Modern Italian Literature

Overview

This authoritative and vividly written book brings readers into the heart of Italian literary culture from the 1690s to the present. It probes the work of major authors in their broad cultural context, traces the history of audiences and publishers, explores the shifting relationship between public and private, assesses the impact of significant historical trends and events on creative processes, and establishes the continuities as well as the discontinuities of the Italian ...
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Overview

This authoritative and vividly written book brings readers into the heart of Italian literary culture from the 1690s to the present. It probes the work of major authors in their broad cultural context, traces the history of audiences and publishers, explores the shifting relationship between public and private, assesses the impact of significant historical trends and events on creative processes, and establishes the continuities as well as the discontinuities of the Italian literary tradition.

A synoptic overview at the beginning of the volume is designed to help the reader get her or his bearings in the detail of the nine chapters which follow. Using an essentially chronological framework, the book is divided into three major cultural time-spans: the 'long' eighteenth century, the decades of national identity formation and the creation of 'modern', industrial Italy between 1816 and 1900, and the twentieth century with its constant renegotiation of national cultural identity. A final epilogue provides a snapshot of Italian literary culture in the near-present. This is a book which will be readily accessible to students and all those interested in Italian culture, and at the same time is based on the most up-to-date scholarship. New readings of the canonical authors rub shoulders with a refreshing attention to 'standard' and popular writing, gender issues, and the interaction between written and oral forms, producing a history of modern Italian literature which is new in its conception and its scope.

About the Author:
Ann Hallamore Caesar is Professor of Italian at the University of Warwick

About the Author:
Michael Caesar is Serena Professor ofItalian at the University of Birmingham

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Product Details

Meet the Author

Ann Hallamore Caesar is Professor of Italian at the University of Warwick.

Michael Caesar is Serena Professor of Italian at the University of Birmingham.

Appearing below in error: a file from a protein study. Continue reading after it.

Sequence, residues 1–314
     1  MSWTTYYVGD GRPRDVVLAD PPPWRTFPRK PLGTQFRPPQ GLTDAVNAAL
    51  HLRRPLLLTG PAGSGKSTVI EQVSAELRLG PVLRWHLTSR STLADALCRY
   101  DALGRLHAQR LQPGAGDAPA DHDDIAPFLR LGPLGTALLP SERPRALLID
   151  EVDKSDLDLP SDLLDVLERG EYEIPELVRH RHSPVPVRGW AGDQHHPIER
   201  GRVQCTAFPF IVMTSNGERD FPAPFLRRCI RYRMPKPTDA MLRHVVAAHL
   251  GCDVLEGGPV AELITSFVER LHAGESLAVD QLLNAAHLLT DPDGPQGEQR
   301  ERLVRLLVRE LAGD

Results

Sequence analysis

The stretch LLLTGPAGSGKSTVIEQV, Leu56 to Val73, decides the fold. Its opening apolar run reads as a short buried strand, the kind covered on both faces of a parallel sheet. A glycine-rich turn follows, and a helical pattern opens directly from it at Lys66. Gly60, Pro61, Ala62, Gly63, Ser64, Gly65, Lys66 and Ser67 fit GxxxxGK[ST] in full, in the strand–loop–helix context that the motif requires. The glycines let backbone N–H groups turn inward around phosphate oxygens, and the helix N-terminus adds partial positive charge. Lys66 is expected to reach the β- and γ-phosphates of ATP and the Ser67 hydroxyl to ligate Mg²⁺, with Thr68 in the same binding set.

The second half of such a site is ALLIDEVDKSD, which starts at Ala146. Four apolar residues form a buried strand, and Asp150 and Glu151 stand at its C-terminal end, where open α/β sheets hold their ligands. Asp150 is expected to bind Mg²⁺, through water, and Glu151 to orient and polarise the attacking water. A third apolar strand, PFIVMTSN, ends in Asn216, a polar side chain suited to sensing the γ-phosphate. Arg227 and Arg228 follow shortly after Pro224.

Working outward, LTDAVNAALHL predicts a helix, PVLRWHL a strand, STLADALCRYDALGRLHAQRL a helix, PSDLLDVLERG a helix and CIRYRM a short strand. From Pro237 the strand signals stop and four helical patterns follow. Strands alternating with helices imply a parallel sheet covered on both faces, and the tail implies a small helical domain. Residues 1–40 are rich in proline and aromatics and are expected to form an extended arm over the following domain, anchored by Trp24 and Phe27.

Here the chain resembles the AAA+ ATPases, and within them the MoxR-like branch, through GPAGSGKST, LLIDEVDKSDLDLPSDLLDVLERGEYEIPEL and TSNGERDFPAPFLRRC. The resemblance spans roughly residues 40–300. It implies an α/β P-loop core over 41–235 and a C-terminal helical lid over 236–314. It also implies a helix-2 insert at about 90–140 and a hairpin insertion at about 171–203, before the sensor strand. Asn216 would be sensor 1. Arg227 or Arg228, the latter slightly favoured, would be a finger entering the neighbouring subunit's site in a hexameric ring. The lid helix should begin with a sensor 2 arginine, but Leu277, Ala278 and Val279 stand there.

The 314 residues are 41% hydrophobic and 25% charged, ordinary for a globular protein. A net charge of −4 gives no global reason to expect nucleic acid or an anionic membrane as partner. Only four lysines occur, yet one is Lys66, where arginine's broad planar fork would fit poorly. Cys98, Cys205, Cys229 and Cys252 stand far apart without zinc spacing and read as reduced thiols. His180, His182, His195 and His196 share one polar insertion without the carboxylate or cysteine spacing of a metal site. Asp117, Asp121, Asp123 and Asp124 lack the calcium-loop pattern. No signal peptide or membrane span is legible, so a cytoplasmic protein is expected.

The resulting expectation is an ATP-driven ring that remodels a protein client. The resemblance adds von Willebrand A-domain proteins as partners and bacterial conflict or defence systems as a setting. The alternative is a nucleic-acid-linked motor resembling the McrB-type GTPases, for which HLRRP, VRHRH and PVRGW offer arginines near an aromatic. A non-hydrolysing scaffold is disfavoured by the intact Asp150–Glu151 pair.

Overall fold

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Table of Contents


Preface and acknowledgements     vii
Introduction: an overview of modern Italian literature     1
The Long Eighteenth Century (1690-1815)
Cross-currents of modernity     13
This is Arcadia     13
New states, new thinkers     21
Enlightenment and the public arena     28
Journalism, theatre and the book trade in Venice     28
Enlightenment and reform from Naples to Milan     34
Literature and revolution     45
Italy and France     45
Alfieri: life and drama     51
Foscolo: between classicism and romanticism     58
Literature and Unification (1816-1900)
Romantic Italy     67
Milan 1816     67
Florence 1827     72
Leopardi: the challenge of poetry     77
Writing the nation     87
Manzoni: the responsibility of the writer     87
History and fiction     92
Literature and the people     99
Memory, monuments and the national past     106
Making the nation     113
The literary culture of Unification     113
The artist as observer: verismo and the social     119
Domesticity and the literary market     124
From Modernism to the Market (1900 to the Present)
Modernism and the crisis of the literary subject     135
The search for identity     135
War, technology and the arts     143
Narratives of selfhood: the subjective turn in fiction     150
Literature, Fascism and anti-Fascism     159
Writing and the regime     159
The social condition of intellectuals     165
Testing the limits of the novel     170
Resistance, Reconstruction and neo-realism     180
From the avant-garde to the market-place     188
The last avant-garde?     188
The widening of culture     195
A minimalist postmodernism: the poetics of attention     202
Epilogue: a weekend in April     209
References     215
Further reading     220
Index     223
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